The Reserve Bank says the jobs market is doing as bad a job at matching workers to vacancies than at any time over the past 15 years.
In its latest bulletin, the bank said the mismatch could be partly due to the loss overseas of highly skilled middle aged workers.
Radio New Zealand's economics correspondent says high unemployment since the beginning of 2008 should mean that firms should not have had problems filling vacancies.
But the Reserve Bank said it has become harder for firms to find skilled workers.
It said the mismatch between the skills demanded by firms and the skills of those looking for work is worse than in the mid 2000s when unemployment fell to its lowest level in decades.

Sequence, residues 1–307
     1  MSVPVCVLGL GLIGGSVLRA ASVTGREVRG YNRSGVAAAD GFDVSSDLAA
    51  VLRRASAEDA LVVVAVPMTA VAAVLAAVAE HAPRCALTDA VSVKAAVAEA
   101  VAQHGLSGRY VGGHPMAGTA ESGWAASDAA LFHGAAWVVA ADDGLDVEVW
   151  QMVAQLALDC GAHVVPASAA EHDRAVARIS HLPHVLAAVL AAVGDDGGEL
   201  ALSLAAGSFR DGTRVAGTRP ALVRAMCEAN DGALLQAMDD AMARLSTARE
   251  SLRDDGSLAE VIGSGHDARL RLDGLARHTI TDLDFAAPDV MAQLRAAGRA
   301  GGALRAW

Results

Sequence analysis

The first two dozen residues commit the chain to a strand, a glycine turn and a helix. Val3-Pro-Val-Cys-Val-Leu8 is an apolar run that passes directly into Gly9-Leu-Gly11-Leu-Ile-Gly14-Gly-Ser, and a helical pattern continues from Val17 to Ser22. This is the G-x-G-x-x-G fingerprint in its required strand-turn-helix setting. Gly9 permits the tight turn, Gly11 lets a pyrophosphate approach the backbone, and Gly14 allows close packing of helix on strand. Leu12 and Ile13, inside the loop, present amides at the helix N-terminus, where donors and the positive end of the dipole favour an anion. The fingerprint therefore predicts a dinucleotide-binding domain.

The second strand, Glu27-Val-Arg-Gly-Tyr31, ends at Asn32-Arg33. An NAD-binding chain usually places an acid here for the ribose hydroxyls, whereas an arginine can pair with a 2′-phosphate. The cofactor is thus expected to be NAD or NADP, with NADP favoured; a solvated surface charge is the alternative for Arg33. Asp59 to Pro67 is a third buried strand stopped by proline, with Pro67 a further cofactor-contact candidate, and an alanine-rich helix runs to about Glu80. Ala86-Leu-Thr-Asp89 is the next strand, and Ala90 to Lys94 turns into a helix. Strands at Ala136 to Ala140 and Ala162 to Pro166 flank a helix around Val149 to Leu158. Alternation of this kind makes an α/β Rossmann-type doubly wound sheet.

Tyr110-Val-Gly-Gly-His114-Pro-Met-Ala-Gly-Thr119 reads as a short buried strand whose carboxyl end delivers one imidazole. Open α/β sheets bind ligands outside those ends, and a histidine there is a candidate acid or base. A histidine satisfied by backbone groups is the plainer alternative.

The bank said one reason could be the skills demanded for jobs being created by the Canterbury rebuild in areas such as engineering and construction do not match those of workers in tourism, retail and hospitality who lost jobs after the quakes.
It said the high loss overseas since 2010 of workers aged between 34 to 54 - who typically have the highest labour force participation and the lowest incidence of unemployment - could also be a factor.